This blog has been quiet for a while now. I do hope to start writing soon (although I think I’ll do most of my next writing in Catalan – and the focus will not be only in technology).
A few people asked me what I’m doing now, since I’m not so active in projects I used to contribute (e.g. Mozilla) or doing things I used to do locally (e.g. participating in tech. events and open source groups).

Well, part of the answer is that during the last year I tried to find some time for myself. I started to feel kind of overwhelmed by the amount and quality of the information around me (yes, yes, I mean that kind of BuzzMachine that most of Open Source/Tech. “community” seems to be nowadays).

And what is it better than becoming an idiot? Experimenting that state of being useless to the world, of being less intelligent than most of the “smart citizens”, and start questioning again why and how things happen.

Professor Han, a contemporary essayist and cultural theorist from Germany, puts it very well:

It’s a function of philosophy to represent the role of the idiot. From the beginning, the philosophy goes along with the idiotism. Any philosopher that generates a new language, a new style, a new thinking, needs to be an idiot before.

The history of philosophy is a history of idiotisms.
Socrates, who only knows that he doesn’t know anything, is an idiot. An idiot is also Descartes, because he doubts of everything. Cogito ergo sum is an idiotism.
An internal contraction of thinking makes possible a new beginning. Descartes thinks about the thinking. The thinking recovers its virginal state when it connects with itself. Deluze opposes to the Cartesian idiot an another idiot [...]

Today, it looks like the somewhat marginalised, the crazy and the idiot basically disappeared from society. The whole network connectedness and the digital communications increase considerably the coercion over conformity. The violence of consensus repress the idiotisms.

(from the book “Psychopolitik: Neoliberalismus und die neuen Machttechniken”)

Yes, part of my time right now is devoted to studying philosophy at the University (offline and back to the system!). And I really like it very much. Only because you are there with a group of people who disagrees with you, who appreciates your critique, your skepticism and negativity… makes me feel much more being part of a community.

However, I’m not out of the technology world, as the other part of my time is devoted to work, which means applications development, deployments and even trainings.
But indeed, I’m feeling that I have to step back from the BuzzMachine that OpenSource/OpenWeb/OpenWathever has became. I’ve also developed more of a critical view on what is “connectedness or a connected society”, including the “sharing economy” – a deviation of open source concept (which on its turn is a mutation of Free Software social movement).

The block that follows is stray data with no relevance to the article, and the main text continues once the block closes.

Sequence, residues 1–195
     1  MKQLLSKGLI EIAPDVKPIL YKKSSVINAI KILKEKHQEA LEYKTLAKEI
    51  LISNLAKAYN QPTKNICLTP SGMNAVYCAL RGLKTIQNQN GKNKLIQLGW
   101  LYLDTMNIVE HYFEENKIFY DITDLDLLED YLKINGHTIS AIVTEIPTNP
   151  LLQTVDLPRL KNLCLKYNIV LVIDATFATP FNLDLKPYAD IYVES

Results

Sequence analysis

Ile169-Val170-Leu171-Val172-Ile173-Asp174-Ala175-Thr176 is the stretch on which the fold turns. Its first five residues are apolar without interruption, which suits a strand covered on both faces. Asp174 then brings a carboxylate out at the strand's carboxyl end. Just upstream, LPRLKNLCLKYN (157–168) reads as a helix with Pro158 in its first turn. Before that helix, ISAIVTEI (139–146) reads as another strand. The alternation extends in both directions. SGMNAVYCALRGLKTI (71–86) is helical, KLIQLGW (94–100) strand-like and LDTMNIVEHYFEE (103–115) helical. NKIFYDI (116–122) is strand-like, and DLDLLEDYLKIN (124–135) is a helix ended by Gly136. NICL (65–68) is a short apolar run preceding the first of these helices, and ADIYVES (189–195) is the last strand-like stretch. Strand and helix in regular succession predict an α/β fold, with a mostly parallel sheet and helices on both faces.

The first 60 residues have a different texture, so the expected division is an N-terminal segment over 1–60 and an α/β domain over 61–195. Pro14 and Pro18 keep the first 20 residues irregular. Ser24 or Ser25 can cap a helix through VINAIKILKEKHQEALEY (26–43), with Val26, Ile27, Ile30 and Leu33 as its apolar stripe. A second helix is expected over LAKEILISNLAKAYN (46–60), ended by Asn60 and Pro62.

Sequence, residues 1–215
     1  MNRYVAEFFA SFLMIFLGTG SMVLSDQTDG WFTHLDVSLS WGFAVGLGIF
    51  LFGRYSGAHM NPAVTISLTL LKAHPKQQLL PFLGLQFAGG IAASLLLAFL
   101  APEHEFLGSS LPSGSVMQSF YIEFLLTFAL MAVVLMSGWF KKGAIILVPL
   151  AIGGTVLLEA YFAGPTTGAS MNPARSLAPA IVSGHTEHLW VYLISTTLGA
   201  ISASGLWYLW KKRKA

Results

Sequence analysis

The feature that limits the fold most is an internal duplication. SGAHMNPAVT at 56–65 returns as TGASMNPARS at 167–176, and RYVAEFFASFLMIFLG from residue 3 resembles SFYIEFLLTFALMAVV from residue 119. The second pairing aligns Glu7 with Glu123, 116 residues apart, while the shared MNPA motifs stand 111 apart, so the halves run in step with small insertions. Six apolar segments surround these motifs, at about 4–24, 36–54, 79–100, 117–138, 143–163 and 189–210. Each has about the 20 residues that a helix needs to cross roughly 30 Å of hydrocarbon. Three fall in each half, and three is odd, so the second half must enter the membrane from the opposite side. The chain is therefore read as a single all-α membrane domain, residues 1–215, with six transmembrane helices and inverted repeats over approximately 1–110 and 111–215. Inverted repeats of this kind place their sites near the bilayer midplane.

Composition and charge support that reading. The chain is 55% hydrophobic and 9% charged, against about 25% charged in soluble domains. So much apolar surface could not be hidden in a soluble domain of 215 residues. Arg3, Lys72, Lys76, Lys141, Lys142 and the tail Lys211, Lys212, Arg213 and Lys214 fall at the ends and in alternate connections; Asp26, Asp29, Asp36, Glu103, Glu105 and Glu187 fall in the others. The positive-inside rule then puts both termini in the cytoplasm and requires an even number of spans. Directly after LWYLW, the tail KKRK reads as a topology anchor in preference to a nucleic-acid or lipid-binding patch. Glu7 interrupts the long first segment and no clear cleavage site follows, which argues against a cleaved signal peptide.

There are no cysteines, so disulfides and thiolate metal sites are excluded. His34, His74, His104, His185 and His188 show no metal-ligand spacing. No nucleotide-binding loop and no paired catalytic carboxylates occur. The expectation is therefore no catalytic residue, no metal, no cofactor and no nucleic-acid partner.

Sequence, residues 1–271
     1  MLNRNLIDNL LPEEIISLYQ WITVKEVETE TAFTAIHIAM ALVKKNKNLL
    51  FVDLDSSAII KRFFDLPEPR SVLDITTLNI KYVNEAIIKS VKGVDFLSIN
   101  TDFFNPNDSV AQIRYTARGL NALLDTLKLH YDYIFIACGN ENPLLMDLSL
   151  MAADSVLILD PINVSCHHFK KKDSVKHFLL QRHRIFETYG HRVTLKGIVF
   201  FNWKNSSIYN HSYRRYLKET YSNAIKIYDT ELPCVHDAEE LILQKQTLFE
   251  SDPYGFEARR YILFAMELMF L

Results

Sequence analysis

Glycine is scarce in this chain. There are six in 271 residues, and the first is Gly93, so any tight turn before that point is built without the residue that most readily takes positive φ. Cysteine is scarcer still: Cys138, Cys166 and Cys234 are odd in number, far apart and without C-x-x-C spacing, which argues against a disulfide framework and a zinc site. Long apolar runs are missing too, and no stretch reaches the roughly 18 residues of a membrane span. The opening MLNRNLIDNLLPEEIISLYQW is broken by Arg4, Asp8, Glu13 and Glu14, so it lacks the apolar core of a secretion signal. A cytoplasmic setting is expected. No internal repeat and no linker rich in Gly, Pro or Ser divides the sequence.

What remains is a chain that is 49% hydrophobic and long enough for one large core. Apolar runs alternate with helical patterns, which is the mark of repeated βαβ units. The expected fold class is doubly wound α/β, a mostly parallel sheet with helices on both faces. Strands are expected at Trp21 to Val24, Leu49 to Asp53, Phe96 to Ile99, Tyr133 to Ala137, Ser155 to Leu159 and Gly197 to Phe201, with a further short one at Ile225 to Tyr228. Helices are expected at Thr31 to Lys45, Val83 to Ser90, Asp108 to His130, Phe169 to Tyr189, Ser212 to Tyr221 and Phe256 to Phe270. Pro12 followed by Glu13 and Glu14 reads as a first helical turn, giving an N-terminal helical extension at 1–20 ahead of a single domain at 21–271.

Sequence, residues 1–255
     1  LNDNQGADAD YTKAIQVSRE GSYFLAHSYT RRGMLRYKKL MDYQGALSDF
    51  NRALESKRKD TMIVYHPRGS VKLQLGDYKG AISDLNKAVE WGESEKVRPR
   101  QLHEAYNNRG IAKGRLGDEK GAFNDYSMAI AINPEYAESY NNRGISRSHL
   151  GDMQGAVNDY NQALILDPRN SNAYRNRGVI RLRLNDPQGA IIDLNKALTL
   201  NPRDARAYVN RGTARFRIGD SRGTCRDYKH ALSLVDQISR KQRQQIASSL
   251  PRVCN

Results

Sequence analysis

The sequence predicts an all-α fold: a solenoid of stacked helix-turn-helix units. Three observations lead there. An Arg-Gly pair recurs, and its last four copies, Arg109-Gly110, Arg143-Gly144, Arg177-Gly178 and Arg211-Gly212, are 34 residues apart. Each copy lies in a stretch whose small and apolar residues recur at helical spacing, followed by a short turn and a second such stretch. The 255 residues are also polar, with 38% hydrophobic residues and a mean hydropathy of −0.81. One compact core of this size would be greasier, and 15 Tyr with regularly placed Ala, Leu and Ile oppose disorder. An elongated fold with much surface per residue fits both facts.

Categorieën: Mozilla-nl planet

Soledad Penades: This week… and beyond

ma, 20/10/2014 - 00:51
  • Monday: shyly open my inbox after a week of holidays, and probably duck to avoid the rolling ball of stale mail coming my way.
  • Wednesday: maybe meet Karolina who’s in London for a conference!
  • Thursday: my talk is closing a conference O_O — when the organiser mentioned “closing” the day I thought he meant closing the first day, not the second. NO PRESSURE. Although the conf is held at Shoreditch Village Hall, which is a venue where I feel like at home, so I’ll probably be OK. There’s a meatspace meatup afterwards, and I’m glad it’s around Shoreditch too or I’ll be dropping on that.
  • Friday: MozFest facilitators meeting, and also the Science Fair during the evening (if it is still called Science Fair)
  • Saturday and Sunday: MozFest, MozFest, MozFest! Paul Rouget asked me to show WebIDE there, and then Bobby (aka SecretRobotron and your best friend) came up with this idea of a MEGABOOTH where people can go and learn something about app-making in sessions of 5-20 minutes. Of course I can’t be all week-end there or I’ll basically die of social extenuation, so I asked some friends and together we’ll be helping spread the word about Firefox OS development in its various facets: Gaia/Gonk/the operating system itself, Gaia apps, DevTools and WebIDE. Come to the MEGABOOTH and hang with Nicola, Wilson, Francisco, Potch and me! (linking to myself and wondering if the Internet will break with so much recursion, teehee)

That’ll be for this week. Beyond, there’s a few more conferences—some I can announce and some I can’t:

  • dotJS — Paris, France 17th November, which is pretty exciting to be in because the venue and the looks of everything are so sophisticated…!
  • OSOM — Cluj-Napoca, Romania 22th November, which I’m moderately nervous about because I’m keynoting (!!!), but I’m also excited because it’s in TRANSYLVANIA!!! :-[

We’ll also be hosting a Firefox OS Bug Squash Party at the Mozilla London office the week-end after Halloween. Expect weirdnesses. There are only 5 spots left!

Add to this the new thing I’m working on (details to be revealed as soon as there’s something to show) and it makes for a very busy Autumn!